"Nothing can corrode respect for the law more than the knowledge that the government looks beyond the law itself to arbitrary considerations such as race . . . as the basis for determining its applicability." So said the U.S. Court of Appeals for the 2nd Circuit more than 20 years ago, in a case involving allegations of selective prosecution. Yet in a decision issued May 13, the Supreme Court guaranteed that respect for the law will be corroded by making it virtually impossible even to gather evidence for race-based selective prosecution claims.
The case, U.S. vs. Armstrong, involved the enforcement of a federal crack cocaine law in Los Angeles. The defendants, all black, claimed that the U.S. attorney was selectively prosecuting black offenders in federal court, while directing nonblack defendants to state court, where sentences are much shorter. They presented evidence that all 24 crack cases closed by the federal public defender's office over the prior year involved black defendants, that whites and blacks use and deal crack on a relatively equal basis and that nonblack crack offenders are tried in state court. (While defendants in federal crack cocaine prosecutions are disproportionately black, the U.S. Sentencing Commission reported in 1995 that 65% of those who have used crack are white.) The U.S. attorney's own review of about 2,400 crack cocaine cases prosecuted in federal courts over a four-year period revealed not a single case against a white defendant.
Last year, the Court of Appeals for the 9th Circuit held that this evidence raised sufficient questions to justify limited discovery into the prosecutor's policies and practices, to determine whether selective prosecution was indeed the explanation. But the Clinton administration refused to open its files or explain its actions, and instead petitioned the Supreme Court to rule that even such a stark racial disparity justifies no discovery of the prosecutor's files. On May 13, the court sided with the administration.
Chief Justice William H. Rehnquist proclaimed that the court's decision would not "make a claim impossible to prove." But such claims are in fact nearly impossible already. There has not been a single reported federal case of a dismissal for race-based selective prosecution since 1886. Perhaps this is because no prosecutor in 110 years has ever been motivated by racial considerations, but I doubt it.
The more likely reason is that the court has created a Catch-22 for selective prosecution claimants. In order to prevail, a defendant must prove that the prosecutor did not prosecute others who engaged in the same conduct, and that the reason the prosecutor singled out the defendant was racial animus. Establishing both of these facts requires access to the prosecutor's records. But the court in Armstrong ruled that a defendant has no right of access to the prosecutor's files unless he first introduces evidence that the prosecutor did not prosecute others in similar circumstances and acted out of racial animus in his case. In effect, one must prove one's claim without access to the very evidence necessary to prove one's claim. Under this rule, the only time a selective prosecution claim might succeed would be if a U.S. attorney were to announce an official policy of targeting only blacks for prosecution. Beyond that, the defense of selective prosecution is a myth.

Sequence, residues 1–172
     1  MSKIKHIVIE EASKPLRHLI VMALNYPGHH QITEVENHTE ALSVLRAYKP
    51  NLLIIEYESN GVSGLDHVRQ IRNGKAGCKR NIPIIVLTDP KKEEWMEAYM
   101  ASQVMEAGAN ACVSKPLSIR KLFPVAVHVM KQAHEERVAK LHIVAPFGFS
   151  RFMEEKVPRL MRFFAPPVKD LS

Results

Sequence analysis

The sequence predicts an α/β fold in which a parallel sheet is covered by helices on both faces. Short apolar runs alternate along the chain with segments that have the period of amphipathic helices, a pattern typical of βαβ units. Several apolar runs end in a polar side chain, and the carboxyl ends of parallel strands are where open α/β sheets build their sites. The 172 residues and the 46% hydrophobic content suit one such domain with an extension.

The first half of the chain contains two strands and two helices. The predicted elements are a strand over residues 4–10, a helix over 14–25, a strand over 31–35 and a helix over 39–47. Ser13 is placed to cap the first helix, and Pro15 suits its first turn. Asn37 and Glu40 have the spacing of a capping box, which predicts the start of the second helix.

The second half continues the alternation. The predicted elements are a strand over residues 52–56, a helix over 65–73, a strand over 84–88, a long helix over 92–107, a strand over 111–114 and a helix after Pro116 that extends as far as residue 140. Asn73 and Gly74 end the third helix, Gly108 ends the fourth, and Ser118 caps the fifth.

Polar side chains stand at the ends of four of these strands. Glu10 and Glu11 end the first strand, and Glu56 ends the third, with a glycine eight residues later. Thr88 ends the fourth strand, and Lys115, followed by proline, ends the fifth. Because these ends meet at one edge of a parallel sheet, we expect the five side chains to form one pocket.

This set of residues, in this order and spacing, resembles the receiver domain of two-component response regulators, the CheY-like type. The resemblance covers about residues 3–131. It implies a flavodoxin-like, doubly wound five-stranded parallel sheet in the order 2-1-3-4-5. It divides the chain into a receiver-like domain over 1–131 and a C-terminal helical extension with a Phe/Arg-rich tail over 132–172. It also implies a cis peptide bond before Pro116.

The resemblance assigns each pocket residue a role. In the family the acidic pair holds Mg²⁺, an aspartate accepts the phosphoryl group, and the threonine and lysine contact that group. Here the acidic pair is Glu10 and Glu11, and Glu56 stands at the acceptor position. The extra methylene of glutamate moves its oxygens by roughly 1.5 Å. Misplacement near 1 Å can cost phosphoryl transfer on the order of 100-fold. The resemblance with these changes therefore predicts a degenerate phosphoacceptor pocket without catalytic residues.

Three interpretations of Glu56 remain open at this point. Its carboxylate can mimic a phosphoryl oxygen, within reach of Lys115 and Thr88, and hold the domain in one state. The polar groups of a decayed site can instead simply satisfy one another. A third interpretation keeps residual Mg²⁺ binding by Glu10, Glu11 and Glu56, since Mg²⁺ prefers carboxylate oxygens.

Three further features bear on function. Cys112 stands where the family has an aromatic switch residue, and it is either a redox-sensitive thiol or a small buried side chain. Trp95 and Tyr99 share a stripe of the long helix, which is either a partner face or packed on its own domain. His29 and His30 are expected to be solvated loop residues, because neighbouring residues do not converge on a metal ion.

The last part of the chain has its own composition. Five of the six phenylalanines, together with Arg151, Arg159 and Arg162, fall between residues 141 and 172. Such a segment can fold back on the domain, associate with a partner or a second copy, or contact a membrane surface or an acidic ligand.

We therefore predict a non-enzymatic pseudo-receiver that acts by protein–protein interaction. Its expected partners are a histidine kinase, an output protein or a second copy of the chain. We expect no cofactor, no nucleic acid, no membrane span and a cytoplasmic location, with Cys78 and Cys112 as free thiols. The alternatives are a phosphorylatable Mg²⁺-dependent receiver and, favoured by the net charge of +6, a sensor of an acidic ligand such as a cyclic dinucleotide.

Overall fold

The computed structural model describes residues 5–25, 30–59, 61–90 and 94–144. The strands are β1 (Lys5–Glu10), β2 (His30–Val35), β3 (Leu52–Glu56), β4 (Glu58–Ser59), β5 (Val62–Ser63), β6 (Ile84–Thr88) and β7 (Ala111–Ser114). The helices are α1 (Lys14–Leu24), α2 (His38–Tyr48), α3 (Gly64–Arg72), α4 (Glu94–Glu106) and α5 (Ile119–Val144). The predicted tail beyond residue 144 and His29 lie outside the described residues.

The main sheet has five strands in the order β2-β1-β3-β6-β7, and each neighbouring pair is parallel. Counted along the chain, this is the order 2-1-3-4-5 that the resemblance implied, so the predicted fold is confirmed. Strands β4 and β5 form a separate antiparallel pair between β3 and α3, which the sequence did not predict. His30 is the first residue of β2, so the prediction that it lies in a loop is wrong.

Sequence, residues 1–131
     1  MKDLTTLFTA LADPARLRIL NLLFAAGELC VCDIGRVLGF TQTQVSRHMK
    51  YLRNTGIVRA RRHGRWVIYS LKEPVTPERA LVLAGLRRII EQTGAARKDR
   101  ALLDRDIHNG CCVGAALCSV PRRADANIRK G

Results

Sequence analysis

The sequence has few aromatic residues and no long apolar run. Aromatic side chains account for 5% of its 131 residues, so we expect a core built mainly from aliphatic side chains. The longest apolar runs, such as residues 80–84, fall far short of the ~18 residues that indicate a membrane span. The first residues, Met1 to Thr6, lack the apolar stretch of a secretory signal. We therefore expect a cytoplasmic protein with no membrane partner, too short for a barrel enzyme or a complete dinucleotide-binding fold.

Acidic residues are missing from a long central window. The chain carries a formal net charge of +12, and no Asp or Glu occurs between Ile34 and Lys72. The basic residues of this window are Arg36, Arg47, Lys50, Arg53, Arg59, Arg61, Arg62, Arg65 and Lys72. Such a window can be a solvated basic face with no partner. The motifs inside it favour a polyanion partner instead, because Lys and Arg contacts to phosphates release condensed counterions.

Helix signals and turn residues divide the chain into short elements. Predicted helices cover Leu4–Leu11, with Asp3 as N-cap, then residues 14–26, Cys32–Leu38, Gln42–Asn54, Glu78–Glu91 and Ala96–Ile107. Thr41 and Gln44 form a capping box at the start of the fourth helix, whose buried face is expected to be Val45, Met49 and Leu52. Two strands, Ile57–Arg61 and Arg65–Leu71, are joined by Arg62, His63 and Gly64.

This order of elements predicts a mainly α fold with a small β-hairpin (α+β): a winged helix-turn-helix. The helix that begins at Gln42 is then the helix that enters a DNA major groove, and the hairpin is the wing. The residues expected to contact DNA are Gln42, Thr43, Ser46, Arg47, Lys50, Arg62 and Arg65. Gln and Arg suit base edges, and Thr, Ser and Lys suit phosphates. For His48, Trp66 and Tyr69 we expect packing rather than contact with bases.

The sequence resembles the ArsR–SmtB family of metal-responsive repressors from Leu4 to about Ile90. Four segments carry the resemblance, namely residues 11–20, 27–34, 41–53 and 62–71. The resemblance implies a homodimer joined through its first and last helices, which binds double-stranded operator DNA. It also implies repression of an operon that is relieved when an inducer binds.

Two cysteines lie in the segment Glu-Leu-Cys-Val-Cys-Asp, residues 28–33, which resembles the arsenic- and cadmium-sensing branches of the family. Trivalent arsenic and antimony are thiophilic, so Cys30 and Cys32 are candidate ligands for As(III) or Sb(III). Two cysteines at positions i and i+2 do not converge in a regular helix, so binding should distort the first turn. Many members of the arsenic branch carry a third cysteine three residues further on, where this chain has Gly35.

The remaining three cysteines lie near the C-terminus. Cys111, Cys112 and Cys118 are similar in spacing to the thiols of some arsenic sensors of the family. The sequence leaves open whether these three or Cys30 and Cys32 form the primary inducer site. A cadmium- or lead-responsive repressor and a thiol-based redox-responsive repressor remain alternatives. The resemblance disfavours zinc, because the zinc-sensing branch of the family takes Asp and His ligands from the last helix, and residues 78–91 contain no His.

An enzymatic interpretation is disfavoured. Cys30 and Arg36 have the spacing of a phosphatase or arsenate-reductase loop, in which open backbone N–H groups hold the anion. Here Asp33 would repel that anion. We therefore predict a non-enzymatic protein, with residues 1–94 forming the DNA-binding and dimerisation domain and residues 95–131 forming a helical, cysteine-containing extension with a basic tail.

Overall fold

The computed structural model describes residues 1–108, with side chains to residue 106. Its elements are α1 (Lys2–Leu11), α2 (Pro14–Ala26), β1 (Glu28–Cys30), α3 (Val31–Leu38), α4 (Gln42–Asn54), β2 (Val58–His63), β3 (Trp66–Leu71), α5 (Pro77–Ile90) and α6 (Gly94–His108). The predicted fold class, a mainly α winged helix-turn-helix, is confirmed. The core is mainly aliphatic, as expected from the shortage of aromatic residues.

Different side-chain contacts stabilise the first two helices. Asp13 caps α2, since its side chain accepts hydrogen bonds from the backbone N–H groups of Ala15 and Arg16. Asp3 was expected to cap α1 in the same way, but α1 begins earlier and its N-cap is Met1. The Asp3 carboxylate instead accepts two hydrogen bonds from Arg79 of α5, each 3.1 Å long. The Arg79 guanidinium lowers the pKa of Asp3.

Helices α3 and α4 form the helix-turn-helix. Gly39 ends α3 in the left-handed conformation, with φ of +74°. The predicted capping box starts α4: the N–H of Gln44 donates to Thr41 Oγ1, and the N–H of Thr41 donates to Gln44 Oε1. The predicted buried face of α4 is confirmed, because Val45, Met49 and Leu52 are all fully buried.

I filed an amicus brief in the Armstrong case on behalf of former law enforcement officials and police organizations, including Elliot Richardson, former U.S. attorney general; Whitney North Seymour Jr., former U.S. attorney for the Southern District of New York; John Dunne, former civil rights division chief; James M. Shannon, former Massachusetts attorney general, and the National Black Police Assn. Law enforcement officials don't usually side with criminals, but this bipartisan group urged the court to permit discovery into the charges.
Their concern was that if the court refuses to permit even preliminary inquiry into credible charges of race discrimination in criminal justice, the people's trust in the criminal justice system will erode. And effective criminal law enforcement is impossible without the trust of the people. If the black community, for example, is suspicious that the system is racially rigged against them, they will be less likely to cooperate with police and prosecutors, less likely to appear as witnesses and less likely to convict as jurors.
There is little doubt that the black community is suspicious. The racially polarized reactions last year to the O.J. Simpson verdict dramatically brought home what pollsters had long been telling us: The black community views the criminal justice system with deep-seated and widespread distrust. That distrust has its roots in a long history of racial discrimination, but those roots are only replenished by decisions like Armstrong, which make it impossible even to ask the question whether a criminal prosecution was racially motivated.